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Getting into a Technical Support Job

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Last response: in Work & Education
October 8, 2010 8:27:38 PM

I've been trying to break into technical support at any level and I'm finding it a bit difficult. What's the best way of getting onto the first rung of the ladder? I've been applying to jobs but have no interviews yet. My previous jobs are in web design and development so I have no experience in this area. What is the best thing to look out for for getting into a job like thi? I don't know anyone in this area so that isn't a possibility.

More about : technical support job

October 19, 2010 11:38:11 AM

Never give up buddy I also started as with a crapy job even thou I m nt yet into technical support bt my spirit is up
October 22, 2010 8:05:32 AM

It's tough out there man. I have a Bachelor's in IT, and experience, and still have trouble getting interviews, even with 3 letters of recommendation from my former employer. Tough market out there for certain.
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October 22, 2010 7:42:02 PM

I have a Bachelors in Computer Networking and Info Sec. Took me about 8 months to get a job, I didnt have many interviews either. Since you have no work experience in the Tech support field you may want to get a certification like A+ (really easy) or something like that, helps stand out on your resume. When I was hunting for jobs i was using craigslist, monster, careerbuilder,dice,and a few local ones.

For reference I asked my supervisor who many applicants they got for my postion (Tech Support) he said over 200 ranging from dish washers to CIO's. I dont know how many they had for there first wave of interviews but there were only 2 or 3 (including me) for the second set of interviews.
November 14, 2010 7:27:47 AM

HR cannot just accept people without experience on those areas so even if you finished school they want to know if you can deal with the problems they have in that companies. For the interviews you have to wait we really don't know how many there are were passing applications.
December 23, 2010 2:19:55 PM

You have to make your resume stand out. A good IT resume is not at all like a good executive resume. You've got to list your skills and abilities more than anything else. No fluff, just what you can do. My resume is essentially more acronyms than I can shake a stick at.

Do some hard studying in business IT. Cisco, Networking, etc. Anyone can do desktop support, not everyone can configure a Catalyst 2500 series switch from the ground up and build a functioning AD server. A lot of people have these skills, but they are far fewer in number than those that just stick to replacing motherboards and hard drives.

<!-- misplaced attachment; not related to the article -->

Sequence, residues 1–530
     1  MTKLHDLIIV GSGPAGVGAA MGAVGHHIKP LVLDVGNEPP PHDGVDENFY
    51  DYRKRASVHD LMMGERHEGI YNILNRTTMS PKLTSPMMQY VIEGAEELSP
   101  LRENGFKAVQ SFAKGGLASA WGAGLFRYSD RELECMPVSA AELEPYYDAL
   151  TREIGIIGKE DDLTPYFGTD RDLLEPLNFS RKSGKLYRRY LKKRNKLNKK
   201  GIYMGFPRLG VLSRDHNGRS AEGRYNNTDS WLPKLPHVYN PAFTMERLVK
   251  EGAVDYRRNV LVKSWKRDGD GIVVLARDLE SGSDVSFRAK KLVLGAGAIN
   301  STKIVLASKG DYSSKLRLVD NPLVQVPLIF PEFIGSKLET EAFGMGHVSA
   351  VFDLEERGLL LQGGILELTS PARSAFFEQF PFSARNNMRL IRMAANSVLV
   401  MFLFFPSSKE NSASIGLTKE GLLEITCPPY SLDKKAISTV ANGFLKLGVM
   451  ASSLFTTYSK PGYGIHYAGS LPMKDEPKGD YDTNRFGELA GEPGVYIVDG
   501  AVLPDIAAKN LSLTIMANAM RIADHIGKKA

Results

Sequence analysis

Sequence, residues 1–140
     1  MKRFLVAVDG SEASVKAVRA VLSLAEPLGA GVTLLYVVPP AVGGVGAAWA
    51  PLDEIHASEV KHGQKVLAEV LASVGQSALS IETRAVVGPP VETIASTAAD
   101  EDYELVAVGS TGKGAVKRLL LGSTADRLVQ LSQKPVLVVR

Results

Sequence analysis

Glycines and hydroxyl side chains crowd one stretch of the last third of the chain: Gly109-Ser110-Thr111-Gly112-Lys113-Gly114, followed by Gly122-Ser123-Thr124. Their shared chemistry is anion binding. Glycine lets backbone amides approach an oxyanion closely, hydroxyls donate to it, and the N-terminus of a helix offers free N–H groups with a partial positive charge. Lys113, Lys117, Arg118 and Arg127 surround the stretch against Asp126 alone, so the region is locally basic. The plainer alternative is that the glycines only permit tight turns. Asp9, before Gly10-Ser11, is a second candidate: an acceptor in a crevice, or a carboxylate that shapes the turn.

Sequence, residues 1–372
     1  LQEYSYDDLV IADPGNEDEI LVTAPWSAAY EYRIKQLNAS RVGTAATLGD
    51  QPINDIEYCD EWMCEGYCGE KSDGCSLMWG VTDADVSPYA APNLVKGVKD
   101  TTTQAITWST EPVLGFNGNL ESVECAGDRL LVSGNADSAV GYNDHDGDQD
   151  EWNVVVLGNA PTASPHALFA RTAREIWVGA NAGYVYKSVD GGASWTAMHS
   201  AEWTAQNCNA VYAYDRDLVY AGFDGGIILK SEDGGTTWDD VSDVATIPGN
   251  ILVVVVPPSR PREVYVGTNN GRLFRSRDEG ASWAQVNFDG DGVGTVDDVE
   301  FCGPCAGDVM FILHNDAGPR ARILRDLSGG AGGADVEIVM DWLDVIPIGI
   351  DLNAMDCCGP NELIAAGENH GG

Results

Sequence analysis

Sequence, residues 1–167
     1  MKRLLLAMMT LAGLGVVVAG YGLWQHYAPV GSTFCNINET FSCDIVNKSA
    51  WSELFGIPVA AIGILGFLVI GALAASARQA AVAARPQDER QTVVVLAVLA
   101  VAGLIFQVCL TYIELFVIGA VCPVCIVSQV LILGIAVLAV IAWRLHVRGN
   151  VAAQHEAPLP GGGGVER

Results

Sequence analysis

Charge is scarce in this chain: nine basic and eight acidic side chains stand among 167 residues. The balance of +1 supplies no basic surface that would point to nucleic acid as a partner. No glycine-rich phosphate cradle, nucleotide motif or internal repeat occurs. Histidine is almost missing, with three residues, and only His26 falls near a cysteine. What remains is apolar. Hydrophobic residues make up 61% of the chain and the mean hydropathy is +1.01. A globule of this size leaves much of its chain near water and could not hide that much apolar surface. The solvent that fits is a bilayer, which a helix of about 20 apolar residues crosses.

Get an A+ since you don't have any experience. BUT, also start working towards other things: CCNA, MCITP, Network+ (before CCNA), Active Directory. These are the skills that employers are looking for.
February 1, 2011 2:17:32 AM

Ninjabear, I just wrote up some advice on breaking into the Technical Support career field in response to another Toms Hardware "Forum" > "Work & Education" post which you may be interested in reading. The URL is:

(remember, the thing you do tomorrow to help someone may change the future of untold ideas, services or products that will be developed afterwards!)

Enjoy! Good luck!

February 16, 2011 2:56:02 PM

If you find out, pass it along! Share the wealth :) 
February 22, 2011 12:04:28 AM

Well the economy isn't booming now is it?
February 22, 2011 12:09:33 AM

Nope. Maybe in 2012, or later in H2 2011.
March 8, 2011 9:57:03 AM

I am working as a software tester from last 2 years in same software Testing. I am looking for change...Is there any requirement in any company..I have good knowledge in the field of testing.
software testing
March 8, 2011 5:29:23 PM

Maybe look into CC or a degree in computer engineering.
May 9, 2011 5:43:39 AM

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August 25, 2011 10:51:07 PM

Certs aside, break into the lowest rung like best buy. You have to start somewhere. Either you have experience or you have a degree. If you have none of these you start at the bottom.

Another option is starting in customer support for easy stuff (crappy stuff) like phone support (Att, verizon, or even a box store for IT like HP). After this point, move laterally into an IT phone support. That would be my recommendation (all the while going to school for a degree in IT).
September 6, 2011 7:46:56 PM

I recommend getting some certifications in the technology you want to support like Microsoft, Cisco, Red Hat Linux, etc. Also, if you are going to certification classes, then try to network with other people in the class/instructor/etc to see if they have any openings.
December 18, 2011 10:37:20 PM

if you've got an engi degree from a decent enough school, i'd try national instruments, they seem to hire lots of new grads